In this era of post truth and fake news, access to primary sources of history is becoming more and more important. Making this information accessible costs lots of time and money, but there are novel ways to do it.
Libraries preserve vast amounts of original papers, books and artifacts that have shaped the way we think about the world. From ancient manuscripts to the more recent calculations on the discovery of black holes, they document our understanding of the world around us.
To keep step with the rise of the information-led society, and the requirements of researchers, teachers and learners, libraries have had to find ways to disclose this information digitally while coping with shrinking budgets. Now, because of the pandemic, librarians are preparing for another wave of cuts – while demand for high quality digital content becomes more important than ever.
How then can university libraries afford to digitise more of their collections?
Large institutions tend to work with publishers to digitise their often unique or rare collections. The underpinning financial model helps universities with substantial and high-profile collections unlock their materials through digitisation and capitalise on it through royalties from sales. However, the trade-off is that the resulting digital products are not openly available to all.
Publishers take on the cost of digitisation, and related costs in the packaging of the final product, and in return they sell the new digital collections to libraries. The library whose collection is digitised will typically get free access to digital copies from their own material, but other universities have to pay expensive fees1 to purchase these primary source archives.
Alternatively, libraries may invest in the digitisation of their collections themselves, but this can be quite costly, or apply for external grants to make their materials openly available for all, which can be very time-consuming and not always successful. Libraries seem to be caught between “mission and money”, on the one hand the desire to make their collections more widely available through digitisation and on the other hand being subjected to financial pressures.
Mission of institutions
To bring together the best of these two models, Jisc has worked with publisher Wiley on a new model and a new history of science digital collection. Once complete, this collection will contain one million pages of documents drawn from the British Association for the Advancement of Science (BAAS) and complementary materials from the University of Leicester, Oxford, Leeds and Liverpool, University College London, King’s College London, the University of London, the University of Glasgow and the Mathematical Associaction, all of whom were invited to put forward their collections for digitisation.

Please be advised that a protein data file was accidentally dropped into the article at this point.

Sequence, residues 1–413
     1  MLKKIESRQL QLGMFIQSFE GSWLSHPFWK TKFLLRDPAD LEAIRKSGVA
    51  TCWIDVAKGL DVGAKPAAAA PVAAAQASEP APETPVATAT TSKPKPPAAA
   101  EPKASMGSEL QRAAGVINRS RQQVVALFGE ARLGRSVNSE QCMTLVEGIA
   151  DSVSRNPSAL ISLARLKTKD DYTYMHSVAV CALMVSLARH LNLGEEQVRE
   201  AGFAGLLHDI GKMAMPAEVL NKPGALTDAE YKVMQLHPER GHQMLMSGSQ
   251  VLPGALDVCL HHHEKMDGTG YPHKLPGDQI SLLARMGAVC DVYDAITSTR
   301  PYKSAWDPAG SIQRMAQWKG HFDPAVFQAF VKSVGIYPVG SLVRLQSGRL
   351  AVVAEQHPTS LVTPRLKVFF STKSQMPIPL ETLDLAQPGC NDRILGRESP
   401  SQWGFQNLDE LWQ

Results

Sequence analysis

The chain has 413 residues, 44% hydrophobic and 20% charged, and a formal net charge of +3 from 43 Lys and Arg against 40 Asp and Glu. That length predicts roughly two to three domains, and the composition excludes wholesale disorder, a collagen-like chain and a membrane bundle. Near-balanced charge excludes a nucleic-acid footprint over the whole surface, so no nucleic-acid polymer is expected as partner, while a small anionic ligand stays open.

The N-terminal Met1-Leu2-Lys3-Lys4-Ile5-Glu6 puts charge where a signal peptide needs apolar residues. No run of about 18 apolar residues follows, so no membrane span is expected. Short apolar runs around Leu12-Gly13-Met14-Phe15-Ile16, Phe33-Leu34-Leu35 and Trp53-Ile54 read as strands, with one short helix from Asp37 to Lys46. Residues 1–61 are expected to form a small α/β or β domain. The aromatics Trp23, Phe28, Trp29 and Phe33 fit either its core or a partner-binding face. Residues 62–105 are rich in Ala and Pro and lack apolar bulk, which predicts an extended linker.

Content comes from collections big and small. For example, Liverpool University has only submitted 5,000 items for inclusion in the project while King’s College London over 200,000 pages. Content contributors will gain free access to the full final collection. Under the normal publisher model, such smaller collection holders would be less likely to feature in a commercial product and content contributors would not always have free access to the whole final collection.
Jisc’s co-investment in this new digital archive has ensured that all UK libraries have free perpetual access to the final product, they could put forward their collections for inclusion and all content will become openly available after 10 years from publication, when all exclusive content licences expire. Jisc can recoup its investment through rest of the world sales so that it can channel it in future digital content products.
However, we need to assess sustainable approaches in the round- not just from a financial viewpoint. According to a report - evidencing the impact and value of digital collections - from Research Libraries UK (pdf), institutions are increasingly looking for new ways to meet their impact goals as well as investigate how they can evidence impact resulting from relevant services and activities.
In these extraordinary times, a great opportunity for academic libraries and archives arises: to show in practice the positive impact and value that digital collections and resources can have on the broader society, its health, wellbeing, and progress.
The Jisc-Wiley collection, British Association for the Advancement of Science (Collections on the History of Science: 1830-1970) was created as a way to connect the brilliant minds of the past with the researchers shaping the future. Once the collection is in use, we will be able to measure the value of this resource in terms of its reach, use and impact.
All Jisc members can sign up for the collection through the Jisc licence subscriptions manager and get a preview of its content by taking part in the free event Old world science, new world science: 150 years of British history of science collections in the UK, on Thursday 19 November at 15.00.
- 1 Library collections; navigating the payment for access minefield - Jisc blog by Peter Findlay, September 2019 - https://www.jisc.ac.uk/blog/library-collections-navigating-the-payment-f...